uniquely qualified to tell.
A case-in-point story called “Guarding the Wrong Gate,” shows how HR, in mastering its own data and facts, can change an organization’s narrative and strategic decision making.
The CEO of a midsized financial services firm based in the southwestern U.S. felt uncomfortable with the speed and frequency of promotions in the organization, driven by the company’s rapid growth and need to fill managerial and critical operational roles to support and sustain company growth.
Over time, the CEO had grown increasingly frustrated with the inability of HR to clearly answer a series of questions about the company’s frequent promotions and the accompanying salary cost increases. “Why on Friday is an employee worth one amount and on Monday after a promotion is suddenly worth 20 percent more? What if the person cannot perform in the new role?” “How do we know if we are promoting too fast?” These were all questions the CEO asked the HR leadership, but which HR was initially unable to answer.
As a result, the CEO felt the company was increasing workforce costs at an unsustainable rate and ordered the formation of a special committee made up of HR leadership and his own C-suite executive management team to meet monthly to review promotions. At this monthly meeting, each senior executive was to personally present each and every promotion recommendation from their respective groups, all of which had to be personally approved by the CEO in order to be effective. Further, all newly promoted employees were not to be paid their promotional increase until after successfully demonstrating competence via a 90-day performance review rating of “good.” Then the promotion would be final and the employee would be entitled to a salary and compensation increase, back-dated to the original effective promotion date.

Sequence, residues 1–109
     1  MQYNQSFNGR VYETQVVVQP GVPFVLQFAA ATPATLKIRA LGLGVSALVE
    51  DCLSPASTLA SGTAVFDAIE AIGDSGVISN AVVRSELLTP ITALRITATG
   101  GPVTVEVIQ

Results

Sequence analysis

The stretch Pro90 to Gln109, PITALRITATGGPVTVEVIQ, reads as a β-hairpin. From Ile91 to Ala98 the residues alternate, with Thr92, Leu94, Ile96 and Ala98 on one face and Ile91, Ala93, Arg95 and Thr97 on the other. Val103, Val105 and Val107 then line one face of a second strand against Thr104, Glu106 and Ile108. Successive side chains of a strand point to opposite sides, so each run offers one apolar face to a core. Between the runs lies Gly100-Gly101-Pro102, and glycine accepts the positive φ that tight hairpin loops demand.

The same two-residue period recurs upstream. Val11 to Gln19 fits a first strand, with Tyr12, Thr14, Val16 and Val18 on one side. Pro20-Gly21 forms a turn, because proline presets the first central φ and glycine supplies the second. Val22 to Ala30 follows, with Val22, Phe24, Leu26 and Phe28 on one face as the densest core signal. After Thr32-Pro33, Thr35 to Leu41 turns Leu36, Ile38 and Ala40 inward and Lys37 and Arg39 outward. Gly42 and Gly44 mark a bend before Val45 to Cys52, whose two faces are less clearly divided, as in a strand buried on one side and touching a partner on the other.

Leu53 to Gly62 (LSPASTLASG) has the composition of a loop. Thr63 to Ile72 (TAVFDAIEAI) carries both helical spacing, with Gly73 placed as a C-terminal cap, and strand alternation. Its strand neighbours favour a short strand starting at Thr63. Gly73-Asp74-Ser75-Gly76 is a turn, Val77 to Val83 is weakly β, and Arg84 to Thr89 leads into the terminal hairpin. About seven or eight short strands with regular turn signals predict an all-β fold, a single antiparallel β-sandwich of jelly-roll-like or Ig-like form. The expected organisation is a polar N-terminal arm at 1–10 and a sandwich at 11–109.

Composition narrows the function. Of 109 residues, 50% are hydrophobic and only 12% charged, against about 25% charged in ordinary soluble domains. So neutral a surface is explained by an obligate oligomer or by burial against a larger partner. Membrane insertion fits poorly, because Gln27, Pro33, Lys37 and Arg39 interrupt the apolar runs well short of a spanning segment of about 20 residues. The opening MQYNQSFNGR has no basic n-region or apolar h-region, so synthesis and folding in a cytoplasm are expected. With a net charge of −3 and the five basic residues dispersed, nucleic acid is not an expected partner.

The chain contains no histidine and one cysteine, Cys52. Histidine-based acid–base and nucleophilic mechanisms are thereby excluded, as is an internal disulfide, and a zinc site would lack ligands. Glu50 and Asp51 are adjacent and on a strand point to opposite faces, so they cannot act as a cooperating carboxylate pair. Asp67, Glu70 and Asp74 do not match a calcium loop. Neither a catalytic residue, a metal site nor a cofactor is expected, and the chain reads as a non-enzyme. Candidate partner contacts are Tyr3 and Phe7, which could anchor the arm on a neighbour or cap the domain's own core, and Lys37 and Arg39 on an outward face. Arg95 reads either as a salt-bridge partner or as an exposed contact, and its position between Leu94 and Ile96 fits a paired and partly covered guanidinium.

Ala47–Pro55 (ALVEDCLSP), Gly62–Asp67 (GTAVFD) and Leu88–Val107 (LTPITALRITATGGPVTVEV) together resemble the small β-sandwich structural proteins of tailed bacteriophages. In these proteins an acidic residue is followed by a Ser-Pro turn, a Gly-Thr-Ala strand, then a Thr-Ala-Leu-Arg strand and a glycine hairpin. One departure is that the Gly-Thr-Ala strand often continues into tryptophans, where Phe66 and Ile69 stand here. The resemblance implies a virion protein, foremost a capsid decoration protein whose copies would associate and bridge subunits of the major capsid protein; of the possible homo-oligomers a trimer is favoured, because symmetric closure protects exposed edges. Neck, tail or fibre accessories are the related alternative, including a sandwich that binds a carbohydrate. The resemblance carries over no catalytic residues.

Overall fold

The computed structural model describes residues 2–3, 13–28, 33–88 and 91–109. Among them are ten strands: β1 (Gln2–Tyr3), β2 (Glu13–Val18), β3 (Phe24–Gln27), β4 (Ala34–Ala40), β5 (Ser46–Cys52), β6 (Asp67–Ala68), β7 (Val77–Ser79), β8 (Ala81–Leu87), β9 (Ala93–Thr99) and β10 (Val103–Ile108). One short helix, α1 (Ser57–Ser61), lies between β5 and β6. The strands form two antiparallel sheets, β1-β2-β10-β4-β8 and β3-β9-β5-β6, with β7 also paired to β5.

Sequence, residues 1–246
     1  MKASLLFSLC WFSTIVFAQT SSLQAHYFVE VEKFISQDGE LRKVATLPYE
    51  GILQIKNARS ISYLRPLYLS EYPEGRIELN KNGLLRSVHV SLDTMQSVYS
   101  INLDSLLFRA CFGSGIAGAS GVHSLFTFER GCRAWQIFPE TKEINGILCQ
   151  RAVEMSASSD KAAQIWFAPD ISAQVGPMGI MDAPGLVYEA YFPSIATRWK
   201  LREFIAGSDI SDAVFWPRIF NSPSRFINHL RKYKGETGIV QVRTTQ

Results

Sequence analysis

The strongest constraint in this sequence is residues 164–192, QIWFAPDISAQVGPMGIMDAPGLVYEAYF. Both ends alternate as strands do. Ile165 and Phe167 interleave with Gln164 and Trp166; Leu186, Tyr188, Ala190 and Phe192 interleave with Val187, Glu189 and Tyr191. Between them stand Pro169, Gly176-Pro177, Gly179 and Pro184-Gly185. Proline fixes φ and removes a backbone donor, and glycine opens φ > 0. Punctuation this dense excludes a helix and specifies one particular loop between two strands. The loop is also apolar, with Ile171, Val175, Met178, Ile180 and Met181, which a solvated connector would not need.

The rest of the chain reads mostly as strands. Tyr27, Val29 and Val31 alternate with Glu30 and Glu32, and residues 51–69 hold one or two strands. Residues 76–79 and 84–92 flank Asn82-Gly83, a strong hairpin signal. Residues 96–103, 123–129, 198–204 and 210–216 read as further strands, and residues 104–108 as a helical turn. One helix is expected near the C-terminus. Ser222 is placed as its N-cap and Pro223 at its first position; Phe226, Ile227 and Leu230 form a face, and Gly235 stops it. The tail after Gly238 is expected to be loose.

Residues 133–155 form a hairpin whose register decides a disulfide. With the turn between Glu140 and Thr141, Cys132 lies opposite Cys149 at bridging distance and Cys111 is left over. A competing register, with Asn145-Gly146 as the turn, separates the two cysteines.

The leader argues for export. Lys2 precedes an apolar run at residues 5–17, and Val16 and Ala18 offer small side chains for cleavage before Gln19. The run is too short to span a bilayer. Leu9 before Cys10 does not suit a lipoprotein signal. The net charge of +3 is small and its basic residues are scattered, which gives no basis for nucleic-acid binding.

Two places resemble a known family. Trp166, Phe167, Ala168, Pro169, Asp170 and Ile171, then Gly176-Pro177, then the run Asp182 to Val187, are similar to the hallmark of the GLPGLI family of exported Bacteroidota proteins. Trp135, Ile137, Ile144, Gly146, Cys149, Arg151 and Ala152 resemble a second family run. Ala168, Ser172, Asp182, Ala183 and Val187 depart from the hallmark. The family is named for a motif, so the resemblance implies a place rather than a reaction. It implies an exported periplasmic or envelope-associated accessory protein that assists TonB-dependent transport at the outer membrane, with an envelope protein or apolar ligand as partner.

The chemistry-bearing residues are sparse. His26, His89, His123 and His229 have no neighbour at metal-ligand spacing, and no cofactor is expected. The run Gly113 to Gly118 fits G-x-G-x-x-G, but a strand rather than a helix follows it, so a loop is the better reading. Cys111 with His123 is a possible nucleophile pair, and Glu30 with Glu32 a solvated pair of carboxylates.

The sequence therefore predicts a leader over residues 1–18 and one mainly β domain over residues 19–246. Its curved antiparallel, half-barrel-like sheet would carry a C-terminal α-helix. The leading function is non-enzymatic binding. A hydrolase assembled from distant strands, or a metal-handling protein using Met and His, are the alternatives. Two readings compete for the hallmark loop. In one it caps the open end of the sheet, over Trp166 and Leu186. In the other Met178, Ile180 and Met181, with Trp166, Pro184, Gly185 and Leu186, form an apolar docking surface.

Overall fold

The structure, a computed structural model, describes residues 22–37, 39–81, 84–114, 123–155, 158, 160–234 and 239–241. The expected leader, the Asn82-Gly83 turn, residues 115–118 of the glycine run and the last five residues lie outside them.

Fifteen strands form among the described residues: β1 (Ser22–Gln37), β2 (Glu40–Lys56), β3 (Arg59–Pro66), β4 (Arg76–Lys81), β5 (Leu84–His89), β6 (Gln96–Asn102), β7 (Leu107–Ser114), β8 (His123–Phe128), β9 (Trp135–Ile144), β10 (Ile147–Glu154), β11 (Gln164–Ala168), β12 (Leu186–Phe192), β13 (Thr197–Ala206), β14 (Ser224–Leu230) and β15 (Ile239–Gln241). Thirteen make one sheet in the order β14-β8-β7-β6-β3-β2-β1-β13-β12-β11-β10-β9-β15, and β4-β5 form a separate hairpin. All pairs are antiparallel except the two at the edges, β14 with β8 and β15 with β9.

The CEO’s new committee had the desired effect and the volume of promotions inside the company dramatically declined. Not only was top management afraid to go before the CEO to risk rejection of any promotion increases, even if they obtained approval, they had to tell the employee to successfully perform in the new role for 90 days without a pay increase and that they must receive a “good” or better rating on a 90-day performance review or else the promotion would not be effective. While the CEO’s intention to reduce the number of promotions and the respective costs was achieved, there was another unintended consequence – a skyrocketing voluntary turnover rate of high-performing employees, many of whom were doing bigger jobs than their titles, but suffered from leadership’s fear of submitting them for any promotion.